If everyone can stay healthy, the defensive line could be the deepest unit on the team, particularly with the additions of Pierre-Paul and Joseph. But that was the popular mantra a year ago before injuries forced Jay Alford to miss the entire season, Chris Canty half of it and Justin Tuck to play most of the year with a weakened and sore shoulder. Coughlin and Fewell envision a front with Barry Cofield, Canty, Alford and Joseph rotating at tackle and Tuck, Osi Umenyiora, Mathias Kiwanuka, Dave Tollefson and Pierre-Paul contributing on the outside.

The linebackers will have a new look without Pierce and Clark. Bulluck will compete in the middle, assuming his surgically-repaired left knee continues to progress and he quickly grasps the playbook. A savvy veteran who led the Tennessee Titans in tackles six times in eight years, he will deliver production and leadership to the middle of the defense. Michael Boley had injury problems early in his first Giants season, but he rebounded with a strong second half on the weak side and will return to that position. The new strongside starter is promising second-year pro Clint Sintim. The second-line players will provide quality depth and outstanding play on special teams. That group includes Bryan Kehl, Jonathan Goff, Gerris Wilkinson, Chase Blackburn, Zak DeOssie and rookie Phillip Dillard.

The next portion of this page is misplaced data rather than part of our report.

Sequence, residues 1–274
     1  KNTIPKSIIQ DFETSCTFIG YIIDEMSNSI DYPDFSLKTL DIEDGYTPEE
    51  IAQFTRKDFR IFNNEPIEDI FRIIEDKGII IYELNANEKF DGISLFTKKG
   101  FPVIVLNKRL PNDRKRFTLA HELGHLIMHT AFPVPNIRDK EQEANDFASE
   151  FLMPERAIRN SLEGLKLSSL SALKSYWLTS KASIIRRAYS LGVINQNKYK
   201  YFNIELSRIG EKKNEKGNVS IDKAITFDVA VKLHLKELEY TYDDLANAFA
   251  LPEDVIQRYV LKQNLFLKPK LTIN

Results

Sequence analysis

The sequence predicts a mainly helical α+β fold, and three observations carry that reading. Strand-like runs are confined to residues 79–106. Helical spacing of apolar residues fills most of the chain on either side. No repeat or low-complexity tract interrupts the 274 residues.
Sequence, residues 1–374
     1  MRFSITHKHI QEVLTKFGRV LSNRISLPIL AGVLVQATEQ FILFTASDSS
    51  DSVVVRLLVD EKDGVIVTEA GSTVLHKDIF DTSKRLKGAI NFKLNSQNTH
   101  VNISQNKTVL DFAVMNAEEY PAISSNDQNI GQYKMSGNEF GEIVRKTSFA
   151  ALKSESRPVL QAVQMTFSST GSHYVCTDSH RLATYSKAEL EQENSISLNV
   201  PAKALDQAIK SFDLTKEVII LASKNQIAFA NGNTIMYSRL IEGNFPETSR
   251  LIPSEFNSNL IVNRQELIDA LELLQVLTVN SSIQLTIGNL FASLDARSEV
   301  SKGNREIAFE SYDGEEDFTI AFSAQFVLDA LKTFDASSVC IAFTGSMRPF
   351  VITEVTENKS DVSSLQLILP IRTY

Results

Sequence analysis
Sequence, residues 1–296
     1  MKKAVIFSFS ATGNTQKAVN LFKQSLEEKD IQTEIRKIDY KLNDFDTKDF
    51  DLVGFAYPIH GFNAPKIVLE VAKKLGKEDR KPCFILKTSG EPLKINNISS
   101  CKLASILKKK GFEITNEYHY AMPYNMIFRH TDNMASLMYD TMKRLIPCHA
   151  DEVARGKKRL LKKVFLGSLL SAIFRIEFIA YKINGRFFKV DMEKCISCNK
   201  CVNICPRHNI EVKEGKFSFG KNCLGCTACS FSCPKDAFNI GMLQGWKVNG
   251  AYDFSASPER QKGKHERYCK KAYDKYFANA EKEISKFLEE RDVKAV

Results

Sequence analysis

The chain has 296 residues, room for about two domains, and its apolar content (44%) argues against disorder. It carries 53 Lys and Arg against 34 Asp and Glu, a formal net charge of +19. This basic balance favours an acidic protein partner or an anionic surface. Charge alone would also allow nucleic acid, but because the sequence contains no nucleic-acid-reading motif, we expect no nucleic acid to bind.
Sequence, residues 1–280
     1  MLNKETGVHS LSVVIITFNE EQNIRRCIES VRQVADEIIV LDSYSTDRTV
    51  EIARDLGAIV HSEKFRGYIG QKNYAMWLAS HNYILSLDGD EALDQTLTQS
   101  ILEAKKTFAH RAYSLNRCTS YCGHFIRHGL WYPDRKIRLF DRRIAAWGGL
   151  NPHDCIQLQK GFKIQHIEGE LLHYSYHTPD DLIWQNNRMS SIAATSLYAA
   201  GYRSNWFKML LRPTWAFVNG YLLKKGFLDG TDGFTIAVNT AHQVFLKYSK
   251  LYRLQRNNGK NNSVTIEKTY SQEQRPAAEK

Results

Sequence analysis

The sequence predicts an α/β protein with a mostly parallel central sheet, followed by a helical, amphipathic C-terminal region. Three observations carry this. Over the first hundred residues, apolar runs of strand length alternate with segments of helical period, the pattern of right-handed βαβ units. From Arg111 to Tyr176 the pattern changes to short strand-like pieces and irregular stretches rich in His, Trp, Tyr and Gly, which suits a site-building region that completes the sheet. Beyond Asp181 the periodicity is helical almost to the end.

Right cornerback Terrell Thomas was arguably the Giants best and most consistent defensive player in 2009. Corey Webster, who missed the last three games with a knee injury, is a fixture on the left side. Former first round draft choice Aaron Ross and second-year pro Bruce Johnson are talented players who should be on the field often against multiple-receiver sets. Rolle and Grant are proven players who have sharply upgraded the Giants' skill level at safety. A healthy return by Kenny Phillips would provide another booster shot at the position. Phillips played just two games last season before undergoing surgery for an arthritic condition in his knee. He expects to be ready for the season opener. Jones might have had a chance to contribute as a rookie. Michael Johnson can provide additional depth.

The Giants' special teams will look vastly different this season without Feagles and Hixon. Feagles owns every NFL career punting record and was also the best directional punter in the league and was a superb holder for Lawrence Tynes. Matt Dodge, the seventh-round draft choice from East Carolina, will get the first shot to replace Feagles at both jobs. Tynes had his finest season, converting 27 of 32 field goal attempts and finishing fifth in the NFL in scoring with a career-high 126 points. Without Hixon, Coughlin and special teams coordinator Tom Quinn will audition several candidates to return kickoffs and punts. "You obviously look to who you have," Quinn said. "And we do have a lot of talented guys that can do that." They include Ross, Manningham, Bradshaw, Webster and Moss.

Those questions, and many more, will be answered beginning Sunday.